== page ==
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Patrick N. Lynch
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Third Catholic Bishop of Charleston, 1817-1882
Patrick Neison Lynch, born in a small town in Ireland, became the third Roman Catholic bishop of the Diocese of Charleston, South Carolina. Lynch is remembered today mostly for his support of the Confederacy, his unofficial diplomatic mission to the Vatican on behalf of the Confederate cause, and for his ownership and management of slaves owned by the Catholic diocese. In the first biography of Lynch, David C. R. Heisser and Stephen J. White, Sr. investigate those controversial issues in Lynch's life, but they also illuminate his intellectual character and his labors as bishop of Charleston in the critical era of the state and nation's religious history. For, during the nineteenth century, Catholics both assimilated into South Carolina's predominantly Protestant society and preserved their own faith and practices.
A native of Ireland, Lynch immigrated with his family to the town of Cheraw when he was a boy. At the age of twelve, he became a protégé of John England, the founding bishop of the diocese of Charleston. After studying at the seminary England founded in Charleston, Bishop England sent Lynch to prepare for the priesthood in Rome. The young man returned an accomplished scholar and became an integral part of Charleston's intellectual environment. He served as parish priest, editor of a national religious newspaper, instructor in a seminary, and active member of nearly every literary, scientific, philosophical society in Charleston.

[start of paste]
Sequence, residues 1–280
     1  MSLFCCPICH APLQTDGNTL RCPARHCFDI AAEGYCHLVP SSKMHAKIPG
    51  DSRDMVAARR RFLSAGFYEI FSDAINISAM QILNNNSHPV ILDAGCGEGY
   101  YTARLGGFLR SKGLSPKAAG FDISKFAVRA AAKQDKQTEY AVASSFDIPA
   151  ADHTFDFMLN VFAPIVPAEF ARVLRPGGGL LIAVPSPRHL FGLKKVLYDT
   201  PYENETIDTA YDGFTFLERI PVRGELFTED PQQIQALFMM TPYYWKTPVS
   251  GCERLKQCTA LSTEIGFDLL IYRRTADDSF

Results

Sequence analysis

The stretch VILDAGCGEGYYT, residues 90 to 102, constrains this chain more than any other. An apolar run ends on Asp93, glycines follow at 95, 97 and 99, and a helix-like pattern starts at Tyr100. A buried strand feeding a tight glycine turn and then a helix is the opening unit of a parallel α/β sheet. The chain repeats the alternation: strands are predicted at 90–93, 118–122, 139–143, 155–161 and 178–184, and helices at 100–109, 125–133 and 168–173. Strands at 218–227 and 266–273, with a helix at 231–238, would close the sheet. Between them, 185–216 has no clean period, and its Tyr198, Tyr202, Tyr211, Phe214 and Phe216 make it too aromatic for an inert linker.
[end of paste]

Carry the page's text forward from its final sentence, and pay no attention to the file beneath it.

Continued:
Just three years before the outbreak of the Civil War Lynch rose to the position of Bishop of Charleston. During the war he distinguished himself in service to his city, state, and the Confederate cause, culminating in his "not-so-secret" mission to Rome on behalf of Jefferson Davis's government. Upon Lynch's return, which was accomplished only after a pardon from U. S. President Andrew Johnson, he dedicated himself to rebuilding his battered diocese and retiring an enormous debt that had resulted from the conflagration of 1861, which destroyed the Cathedral of St. John and St. Finbar, and wartime destruction in Charleston, Columbia, and throughout the state.
Lynch executed plans to assimilate newly freed slaves into the Catholic Church and to welcome Catholic immigrants from Europe and the northern states. Traveling throughout the eastern United States he gave lectures to religious and secular organizations, presided over dedications of new churches, and gave sermons at consecrations of bishops and installations of cardinals, all the while begging for contributions to rebuild his diocese. Upon his death, Lynch was celebrated throughout his city, state and nation for his generosity of spirit, intellectual attainments, and dedication to his holy church.
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